I've always known that higher VRAM will help at higher resolutions, but why? What exactly does it store? I understand that when you run out of space on VRAM, you have to load it directly off the hard drive which causes FPS drops, but what exactly is it loading off the drive?
VRAM is just like normal system RAM except it is used solely by the GPU. It stores whatever information that the GPU currently needs access to so that it can access that information relatively quickly (much faster than waiting on a hard drive or even waiting for system RAM).
As for what exactly is stored in VRAM, nowadays the vast majority of what you'll find in VRAM is the data the GPU needs to perform the calculations to turn 3D geometry data (the input) into a 2D projection (the output - or what you see on your monitor). There are some other things that need to go into VRAM such as frame buffers, which temporarily store the images that need to be displayed on the monitor (if you've heard of double-buffering or triple-buffering - these frame buffers are what those terms are referring to). However these extra little bits use an insignificant amount of VRAM compared to the total available space.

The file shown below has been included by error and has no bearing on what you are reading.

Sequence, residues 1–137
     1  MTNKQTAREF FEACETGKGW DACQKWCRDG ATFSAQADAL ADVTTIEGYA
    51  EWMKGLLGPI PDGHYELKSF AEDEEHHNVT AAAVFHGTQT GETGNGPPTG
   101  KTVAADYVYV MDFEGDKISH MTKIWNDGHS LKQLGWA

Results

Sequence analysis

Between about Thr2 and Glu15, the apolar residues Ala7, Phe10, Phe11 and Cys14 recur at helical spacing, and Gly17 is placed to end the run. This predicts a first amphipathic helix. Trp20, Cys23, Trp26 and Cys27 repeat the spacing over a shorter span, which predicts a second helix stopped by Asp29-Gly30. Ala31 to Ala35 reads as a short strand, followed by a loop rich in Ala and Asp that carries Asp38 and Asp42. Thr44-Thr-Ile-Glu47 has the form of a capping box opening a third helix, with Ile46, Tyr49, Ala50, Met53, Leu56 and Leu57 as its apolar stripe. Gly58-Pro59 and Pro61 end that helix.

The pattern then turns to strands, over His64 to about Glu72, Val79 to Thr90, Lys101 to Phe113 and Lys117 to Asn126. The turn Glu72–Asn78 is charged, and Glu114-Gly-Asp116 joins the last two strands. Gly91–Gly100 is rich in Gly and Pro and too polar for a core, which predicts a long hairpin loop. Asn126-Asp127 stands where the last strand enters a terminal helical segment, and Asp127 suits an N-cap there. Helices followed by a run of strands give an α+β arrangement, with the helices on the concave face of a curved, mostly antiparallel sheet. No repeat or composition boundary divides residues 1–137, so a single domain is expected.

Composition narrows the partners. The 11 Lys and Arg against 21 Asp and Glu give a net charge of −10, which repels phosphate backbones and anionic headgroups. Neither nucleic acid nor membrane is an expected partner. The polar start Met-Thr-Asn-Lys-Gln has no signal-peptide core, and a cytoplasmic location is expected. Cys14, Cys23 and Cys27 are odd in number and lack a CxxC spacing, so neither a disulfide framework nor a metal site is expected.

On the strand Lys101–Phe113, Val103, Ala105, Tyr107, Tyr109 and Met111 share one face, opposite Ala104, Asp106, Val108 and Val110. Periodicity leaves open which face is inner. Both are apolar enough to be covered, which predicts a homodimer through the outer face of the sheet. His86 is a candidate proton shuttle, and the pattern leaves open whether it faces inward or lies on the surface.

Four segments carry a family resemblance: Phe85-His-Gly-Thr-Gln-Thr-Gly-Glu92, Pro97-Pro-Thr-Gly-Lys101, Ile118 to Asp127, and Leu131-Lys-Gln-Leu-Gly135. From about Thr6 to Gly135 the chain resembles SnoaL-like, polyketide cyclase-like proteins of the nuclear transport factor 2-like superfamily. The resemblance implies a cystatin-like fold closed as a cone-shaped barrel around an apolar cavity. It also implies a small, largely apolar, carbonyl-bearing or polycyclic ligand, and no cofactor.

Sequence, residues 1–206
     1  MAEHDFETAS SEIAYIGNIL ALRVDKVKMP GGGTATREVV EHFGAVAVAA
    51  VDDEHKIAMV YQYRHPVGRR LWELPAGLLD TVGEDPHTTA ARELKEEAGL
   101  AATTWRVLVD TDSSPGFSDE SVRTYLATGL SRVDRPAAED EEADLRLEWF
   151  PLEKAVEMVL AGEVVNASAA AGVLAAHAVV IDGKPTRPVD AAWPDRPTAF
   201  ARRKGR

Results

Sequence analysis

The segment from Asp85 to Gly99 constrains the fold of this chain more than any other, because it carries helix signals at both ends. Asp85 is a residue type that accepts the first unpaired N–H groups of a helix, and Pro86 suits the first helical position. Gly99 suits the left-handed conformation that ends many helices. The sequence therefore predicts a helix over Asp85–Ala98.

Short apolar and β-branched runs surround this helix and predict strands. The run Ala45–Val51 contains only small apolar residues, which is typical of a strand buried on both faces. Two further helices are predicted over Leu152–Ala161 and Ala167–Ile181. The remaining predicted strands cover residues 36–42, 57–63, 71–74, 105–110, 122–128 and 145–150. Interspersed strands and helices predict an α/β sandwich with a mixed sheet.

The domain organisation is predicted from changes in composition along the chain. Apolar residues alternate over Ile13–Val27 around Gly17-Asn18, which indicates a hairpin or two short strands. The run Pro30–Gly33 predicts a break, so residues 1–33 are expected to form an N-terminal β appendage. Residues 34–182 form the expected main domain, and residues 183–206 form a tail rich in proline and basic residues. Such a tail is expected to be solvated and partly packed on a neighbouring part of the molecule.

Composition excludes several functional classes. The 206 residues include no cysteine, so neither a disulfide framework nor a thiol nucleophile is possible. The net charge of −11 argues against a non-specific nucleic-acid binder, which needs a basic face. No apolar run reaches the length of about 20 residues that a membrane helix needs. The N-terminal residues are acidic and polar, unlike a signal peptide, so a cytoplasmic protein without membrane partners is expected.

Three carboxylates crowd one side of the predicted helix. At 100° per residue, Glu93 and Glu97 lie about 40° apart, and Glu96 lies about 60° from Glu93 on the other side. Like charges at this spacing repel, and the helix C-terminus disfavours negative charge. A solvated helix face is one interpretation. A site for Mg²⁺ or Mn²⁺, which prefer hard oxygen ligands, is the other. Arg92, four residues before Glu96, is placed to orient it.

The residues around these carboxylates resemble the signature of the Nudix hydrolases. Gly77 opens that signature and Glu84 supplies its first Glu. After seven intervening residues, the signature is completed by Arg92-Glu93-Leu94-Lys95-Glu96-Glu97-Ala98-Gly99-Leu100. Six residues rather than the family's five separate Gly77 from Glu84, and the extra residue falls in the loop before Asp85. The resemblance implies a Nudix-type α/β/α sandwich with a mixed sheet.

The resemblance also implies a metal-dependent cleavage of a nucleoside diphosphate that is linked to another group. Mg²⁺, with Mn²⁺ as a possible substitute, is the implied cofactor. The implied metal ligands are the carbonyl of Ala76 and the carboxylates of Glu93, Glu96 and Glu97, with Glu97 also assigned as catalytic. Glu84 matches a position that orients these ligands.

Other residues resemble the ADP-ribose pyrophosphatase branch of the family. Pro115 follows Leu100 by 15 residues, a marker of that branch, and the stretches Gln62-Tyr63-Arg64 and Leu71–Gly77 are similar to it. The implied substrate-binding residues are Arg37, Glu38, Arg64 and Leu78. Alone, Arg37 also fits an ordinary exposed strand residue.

More VRAM helps at higher resolutions because the higher the resolution the GPU needs to render, the more data it needs to work on its calculations. That data needs to be stored in VRAM for efficient access so more VRAM = better performance. However there is a caveat to this in that having more VRAM than the GPU needs will not further increase performance; if the GPU only needs to load 2 GB into VRAM, having for example 3 GB VRAM will net you nothing over having 2.1 GB VRAM.